Print This Publication

Anjum Parveen Reviews Jamlo Walks by Samina Mishra

Jamlo Walks

Samina Mishra  Illustrations by Tarique Aziz 

Imprint: India Puffin

After more than six months, I write again for children. This time it is not a story of hope and happiness. It is a sad but true story about Jamlo. Jamlo Makdam was a 12 year old migrant worker from Bastar in Chattisgarh. She had gone to work in the chilli fields in Telangana to earn livelihood for her family. Many from the adivasi community of Bastar did so. Our children love to read or rather we want our children to read stories of hope, adventure, success and happiness. And why not! Because every child, when it is born, it comes with renewed hope in humanity. But ours is not an ideal world. Here, every struggle doesn't end in victory. Let our children honour and remember Jamlo who is a part of the same unfair world that our children belong to. Our children are more privileged to enjoy a fair share of the resources of this country but not all are so fortunate. 

Written poignantly by Samina Mishra and beautifully illustrated by Tarique Aziz, the story of Jamlo Walks, begins at the time of the nationwide lockdown. The migrant workers were thrown into a crisis that was unprecedented in history. Jamlo starts walking on the 7 th day of the lockdown to reach her village. The story is about her journey home, marked by milestones on the road denoting the number of kilometers she has walked. She meets a kind dosawala who gives her a til ka laddu. She moves on. Her journey is marked by both confusion and chaos on the road where people are hurrying down the streets, and moments of silence, only interrupted by the twittering of the mynah that makes Jamlo think that "birds can't be locked down". When Jamlo's chappal breaks, which is symbolic of her hardship and the exhaustion that walking has caused— she sleeps under the shade of the sal trees. Once again nature gives man the solace which our society or system can not offer. Little did she know that this would be her eternal sleep. When a leaf from the tree falls on her face she is subconsciously thinking in her sleep of how the tree has rejected the leaf letting it dry and fall. Like that there are many leaves that the trees reject. We know that it is Jamlo's subconscious interpretation of the rejection that she has suffered. The story of Jamlo is interspersed with some mention of other kids like Tara, Amir and Rahul who are the more privileged ones witnessing the lockdown from the comforts of their home. In stark contrast to the scene just after Jamlo shuts her eyes forever, Amir, Tara and Rahul wake up to another day of online school.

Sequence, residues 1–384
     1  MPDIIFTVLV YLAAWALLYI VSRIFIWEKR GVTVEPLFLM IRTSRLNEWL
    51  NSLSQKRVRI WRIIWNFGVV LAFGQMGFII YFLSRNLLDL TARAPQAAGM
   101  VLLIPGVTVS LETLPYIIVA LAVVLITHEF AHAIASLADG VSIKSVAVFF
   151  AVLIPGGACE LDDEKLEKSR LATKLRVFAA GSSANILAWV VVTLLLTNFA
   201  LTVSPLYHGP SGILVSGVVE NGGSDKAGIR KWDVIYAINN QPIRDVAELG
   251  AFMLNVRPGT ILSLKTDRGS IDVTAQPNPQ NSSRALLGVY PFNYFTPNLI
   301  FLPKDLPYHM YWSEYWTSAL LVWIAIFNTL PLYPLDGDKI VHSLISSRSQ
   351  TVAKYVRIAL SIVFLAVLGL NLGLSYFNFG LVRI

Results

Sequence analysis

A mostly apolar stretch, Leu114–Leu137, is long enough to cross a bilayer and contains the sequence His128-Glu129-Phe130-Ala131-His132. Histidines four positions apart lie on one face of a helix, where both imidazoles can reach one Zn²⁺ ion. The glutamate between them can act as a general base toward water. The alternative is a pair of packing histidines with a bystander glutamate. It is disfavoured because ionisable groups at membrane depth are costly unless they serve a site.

It's Samina Mishra's craftmanship as an artist that she is able to weave a story out of a true incident that many of us have probably forgotten. 

For any children's book, illustrations are an important aspect of story telling. Children are easily attracted to the colourful pages. Here too Tarique Aziz's colorful pictures help bring the story of Jamlo come alive. Readers see Jamlo's journey unfold as a visual treat. The perfect blend of colours add emotions to the characters, objects and scenes.


Popular Posts